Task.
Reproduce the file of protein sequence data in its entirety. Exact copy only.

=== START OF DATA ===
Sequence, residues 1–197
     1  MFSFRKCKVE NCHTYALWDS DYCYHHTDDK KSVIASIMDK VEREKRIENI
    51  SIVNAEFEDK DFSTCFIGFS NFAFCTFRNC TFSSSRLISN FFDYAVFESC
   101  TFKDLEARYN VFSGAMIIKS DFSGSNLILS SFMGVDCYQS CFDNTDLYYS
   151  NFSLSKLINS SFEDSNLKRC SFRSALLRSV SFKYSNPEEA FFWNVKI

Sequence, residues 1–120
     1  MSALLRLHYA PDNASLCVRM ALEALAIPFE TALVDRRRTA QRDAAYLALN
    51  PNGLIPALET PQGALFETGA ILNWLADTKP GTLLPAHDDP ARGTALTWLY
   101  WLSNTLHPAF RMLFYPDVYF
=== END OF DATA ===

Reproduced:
Sequence, residues 1–197
     1  MFSFRKCKVE NCHTYALWDS DYCYHHTDDK KSVIASIMDK VEREKRIENI
    51  SIVNAEFEDK DFSTCFIGFS NFAFCTFRNC TFSSSRLISN FFDYAVFESC
   101  TFKDLEARYN VFSGAMIIKS DFSGSNLILS SFMGVDCYQS CFDNTDLYYS
   151  NFSLSKLINS SFEDSNLKRC SFRSALLRSV SFKYSNPEEA FFWNVKI

Sequence, residues 1–120
     1  MSALLRLHYA PDNASLCVRM ALEALAIPFE TALVDRRRTA QRDAAYLALN
    51  PNGLIPALET PQGALFETGA ILNWLADTKP GTLLPAHDDP ARGTALTWLY
   101  WLSNTLHPAF RMLFYPDVYF